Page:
The Lassen County Board of Supervisors is not making any commercial cannabis decisions yet. File photo

Supes wait for state direction before making decisions on commercial cannabis operations

Lassen County will hold off on making any decisions regarding commercial cannabis for now.

During the Tuesday, Oct. 10 Lassen County Board of Supervisors meeting, the board directed county staff to hold off on making any decisions regarding commercial cannabis licenses for now until more is known about the direction the state will take regarding regulations.

The direction from Chairman Aaron Albaugh, and consensus of the board, is to “stay right where we’re at until things settle down.”

With various laws passed, and the voter approved Proposition 64 last November, which legalized recreational marijuana use, the state is preparing for the legal commercial cultivation and sales Jan. 1.

However, with very few guidelines from the state on the direction and guidelines they will be setting, the supervisors don’t want the county to serve as a guinea pig for commercial cannabis.

The state is expected to release its regulations for commercial cultivation and sales in November.

Currently, the county marijuana ordinance, county code Title 19, allows for the six plants in residences, as allowed under Prop. 64, and a 250 square foot grow, on premises larger than one acre, with a seven-foot fence of substantial construction for medical marijuana patients. Other regulations are listed in the code.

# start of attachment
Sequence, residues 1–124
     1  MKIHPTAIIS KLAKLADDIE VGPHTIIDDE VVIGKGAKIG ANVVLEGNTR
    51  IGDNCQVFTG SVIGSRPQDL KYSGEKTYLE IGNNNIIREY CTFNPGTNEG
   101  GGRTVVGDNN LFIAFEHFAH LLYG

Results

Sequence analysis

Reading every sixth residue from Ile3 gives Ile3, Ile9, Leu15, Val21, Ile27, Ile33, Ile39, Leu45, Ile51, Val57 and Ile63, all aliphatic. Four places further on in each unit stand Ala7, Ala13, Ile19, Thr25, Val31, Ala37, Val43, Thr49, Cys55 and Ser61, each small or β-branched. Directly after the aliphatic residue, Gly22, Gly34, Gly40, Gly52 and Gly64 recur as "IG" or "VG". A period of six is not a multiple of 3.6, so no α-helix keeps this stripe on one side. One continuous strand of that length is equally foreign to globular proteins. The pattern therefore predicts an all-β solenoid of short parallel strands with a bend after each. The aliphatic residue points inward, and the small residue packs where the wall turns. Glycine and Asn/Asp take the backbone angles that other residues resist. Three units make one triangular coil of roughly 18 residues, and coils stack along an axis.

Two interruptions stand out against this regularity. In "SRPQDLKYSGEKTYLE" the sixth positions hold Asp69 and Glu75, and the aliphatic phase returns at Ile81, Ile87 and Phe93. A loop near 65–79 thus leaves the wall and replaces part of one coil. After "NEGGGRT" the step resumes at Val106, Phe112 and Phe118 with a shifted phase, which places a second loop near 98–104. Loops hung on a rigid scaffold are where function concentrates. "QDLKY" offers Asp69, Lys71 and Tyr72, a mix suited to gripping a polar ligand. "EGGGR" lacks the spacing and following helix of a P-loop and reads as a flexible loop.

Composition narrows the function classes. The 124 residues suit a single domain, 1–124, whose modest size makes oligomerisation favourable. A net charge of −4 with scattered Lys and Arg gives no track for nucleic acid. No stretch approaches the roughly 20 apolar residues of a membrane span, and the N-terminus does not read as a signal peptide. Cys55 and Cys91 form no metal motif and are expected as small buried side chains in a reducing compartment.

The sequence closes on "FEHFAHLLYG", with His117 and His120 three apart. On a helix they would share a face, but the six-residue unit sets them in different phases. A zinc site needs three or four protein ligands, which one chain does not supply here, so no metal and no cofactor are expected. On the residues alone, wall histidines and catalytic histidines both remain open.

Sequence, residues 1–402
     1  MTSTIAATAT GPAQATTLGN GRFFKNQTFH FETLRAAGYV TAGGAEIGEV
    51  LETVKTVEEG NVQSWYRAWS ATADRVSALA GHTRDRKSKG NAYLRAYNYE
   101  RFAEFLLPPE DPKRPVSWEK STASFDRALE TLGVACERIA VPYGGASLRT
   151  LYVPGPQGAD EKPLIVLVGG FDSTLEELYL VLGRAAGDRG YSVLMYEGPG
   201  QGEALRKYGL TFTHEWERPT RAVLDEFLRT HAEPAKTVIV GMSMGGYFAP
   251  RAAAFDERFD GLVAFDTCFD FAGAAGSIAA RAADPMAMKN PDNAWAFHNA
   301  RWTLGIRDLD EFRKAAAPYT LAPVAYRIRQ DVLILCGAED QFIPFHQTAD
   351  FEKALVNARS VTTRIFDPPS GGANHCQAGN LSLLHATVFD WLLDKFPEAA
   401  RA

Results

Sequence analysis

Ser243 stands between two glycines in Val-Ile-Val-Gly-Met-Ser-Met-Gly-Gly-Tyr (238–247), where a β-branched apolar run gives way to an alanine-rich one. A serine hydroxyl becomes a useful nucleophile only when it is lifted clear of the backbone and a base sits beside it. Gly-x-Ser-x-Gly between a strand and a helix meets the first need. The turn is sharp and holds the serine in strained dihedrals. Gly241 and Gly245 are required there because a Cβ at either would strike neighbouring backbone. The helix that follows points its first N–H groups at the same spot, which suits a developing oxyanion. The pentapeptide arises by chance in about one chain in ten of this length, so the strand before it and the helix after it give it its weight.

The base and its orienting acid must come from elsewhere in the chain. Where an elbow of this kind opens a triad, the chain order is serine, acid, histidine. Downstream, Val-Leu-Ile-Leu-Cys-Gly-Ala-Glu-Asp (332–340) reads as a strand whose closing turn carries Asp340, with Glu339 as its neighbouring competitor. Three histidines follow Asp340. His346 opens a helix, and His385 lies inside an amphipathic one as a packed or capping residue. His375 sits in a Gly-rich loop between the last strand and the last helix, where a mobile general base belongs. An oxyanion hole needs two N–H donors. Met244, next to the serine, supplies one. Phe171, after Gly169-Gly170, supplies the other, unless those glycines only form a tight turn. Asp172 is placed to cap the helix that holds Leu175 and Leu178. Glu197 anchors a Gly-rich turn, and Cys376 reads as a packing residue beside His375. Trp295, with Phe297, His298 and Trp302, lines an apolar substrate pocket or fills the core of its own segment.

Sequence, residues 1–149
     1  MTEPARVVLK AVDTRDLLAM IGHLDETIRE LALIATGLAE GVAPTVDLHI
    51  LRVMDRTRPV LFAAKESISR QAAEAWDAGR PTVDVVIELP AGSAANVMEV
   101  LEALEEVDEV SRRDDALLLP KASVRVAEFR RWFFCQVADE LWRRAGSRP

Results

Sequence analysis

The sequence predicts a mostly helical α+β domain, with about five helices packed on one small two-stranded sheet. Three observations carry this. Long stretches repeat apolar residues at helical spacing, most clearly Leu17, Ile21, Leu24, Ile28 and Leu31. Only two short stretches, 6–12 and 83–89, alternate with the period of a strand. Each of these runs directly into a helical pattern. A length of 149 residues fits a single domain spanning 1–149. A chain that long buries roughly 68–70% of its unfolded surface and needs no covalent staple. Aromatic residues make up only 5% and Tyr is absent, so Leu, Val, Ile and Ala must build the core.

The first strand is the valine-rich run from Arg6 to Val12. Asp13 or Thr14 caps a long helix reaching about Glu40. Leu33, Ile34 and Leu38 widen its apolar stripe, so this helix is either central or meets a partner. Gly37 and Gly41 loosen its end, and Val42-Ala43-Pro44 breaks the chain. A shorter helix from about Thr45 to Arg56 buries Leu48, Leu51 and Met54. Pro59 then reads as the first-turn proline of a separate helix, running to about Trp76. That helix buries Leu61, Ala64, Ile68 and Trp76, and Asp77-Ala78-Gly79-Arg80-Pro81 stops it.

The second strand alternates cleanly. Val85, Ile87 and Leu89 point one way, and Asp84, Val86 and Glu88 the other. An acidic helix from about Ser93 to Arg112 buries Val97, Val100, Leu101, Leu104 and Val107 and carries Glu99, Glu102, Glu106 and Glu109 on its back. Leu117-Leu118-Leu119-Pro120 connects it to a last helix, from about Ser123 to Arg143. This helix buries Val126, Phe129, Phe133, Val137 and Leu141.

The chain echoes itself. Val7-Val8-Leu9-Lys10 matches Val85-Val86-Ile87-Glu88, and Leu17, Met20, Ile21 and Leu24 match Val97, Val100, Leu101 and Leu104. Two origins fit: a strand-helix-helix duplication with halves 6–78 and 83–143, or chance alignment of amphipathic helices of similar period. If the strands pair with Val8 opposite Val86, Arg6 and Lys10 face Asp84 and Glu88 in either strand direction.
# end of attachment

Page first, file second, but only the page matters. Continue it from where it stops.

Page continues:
There is currently a total ban on commercial cultivation.

During the meeting; however, some people in the audience requested the board keep an open mind.

“We all don’t know what’s going to happen,” said meeting attendee Jason Ingram. “We don’t know what California is going to say tomorrow, we don’t know what they’re next week, or next month … but say they do have their stuff ready by January first, and we’re not ready. How much is the county going to lose out on? … The doors are rapidly closing.”

Burns said he didn’t expect November and the beginning of January to be “magic dates,” but noted he expected the state to continue to make changes as time goes on.

Burns said, “I know … there is some desire to expedite. We get that, staff gets that. At the same time, our view is that is once you crack the door, in what ever respect that you choose to crack it, it’s hard to correct.”

Supervisor Chris Gallagher agreed, saying, “We would rather get it right, if we can, from the beginning and move forward.”

There was some discussion about letting members of the public meet with the ad hoc committee regarding the topic.